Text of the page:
The Physics of Controlled Collisions: A Reverie About Locomotion
Imagine the following scenari o. It is late in the afternoon and since early morning you have been mulling over a long term concern of Gibson 's (1950, 1960, 1961 ,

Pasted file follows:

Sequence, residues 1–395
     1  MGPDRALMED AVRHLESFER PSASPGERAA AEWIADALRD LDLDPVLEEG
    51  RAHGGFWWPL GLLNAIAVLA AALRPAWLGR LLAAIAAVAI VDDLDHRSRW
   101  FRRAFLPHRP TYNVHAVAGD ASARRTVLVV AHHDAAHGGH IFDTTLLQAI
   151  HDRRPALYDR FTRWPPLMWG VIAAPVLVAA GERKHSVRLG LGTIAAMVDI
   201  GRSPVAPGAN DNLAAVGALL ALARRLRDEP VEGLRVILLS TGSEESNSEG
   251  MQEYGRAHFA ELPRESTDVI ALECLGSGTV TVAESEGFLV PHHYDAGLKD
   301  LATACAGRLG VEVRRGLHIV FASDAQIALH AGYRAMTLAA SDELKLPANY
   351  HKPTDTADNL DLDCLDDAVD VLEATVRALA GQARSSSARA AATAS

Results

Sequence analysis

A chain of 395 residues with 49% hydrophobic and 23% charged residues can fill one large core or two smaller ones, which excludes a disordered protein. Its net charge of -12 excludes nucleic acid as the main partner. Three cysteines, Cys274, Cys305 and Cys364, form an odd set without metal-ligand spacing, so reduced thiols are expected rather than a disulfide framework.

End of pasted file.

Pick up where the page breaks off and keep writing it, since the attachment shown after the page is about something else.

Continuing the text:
1966, 1979), namely, the optical structure ambient to an animal that is generated by the layout of surfaces and by the animal ' s movements (both the movements of its limbs relative to its body and the movements of its body, as a unit, relative to the surface layout). You are taken by the subtlety of Gibson's point that this optical structure resembles neither the surface layout nor the movements but it is specific to them because it is nomically (lawfully) dependent on them. And you are impressed by Gibson's insistence that these dependencies between properties of the animal-environment relation and properties of the ambient light are instances of laws, indigenous to the ecological scale (the scale of animals and their environments), that make possible the control of activity .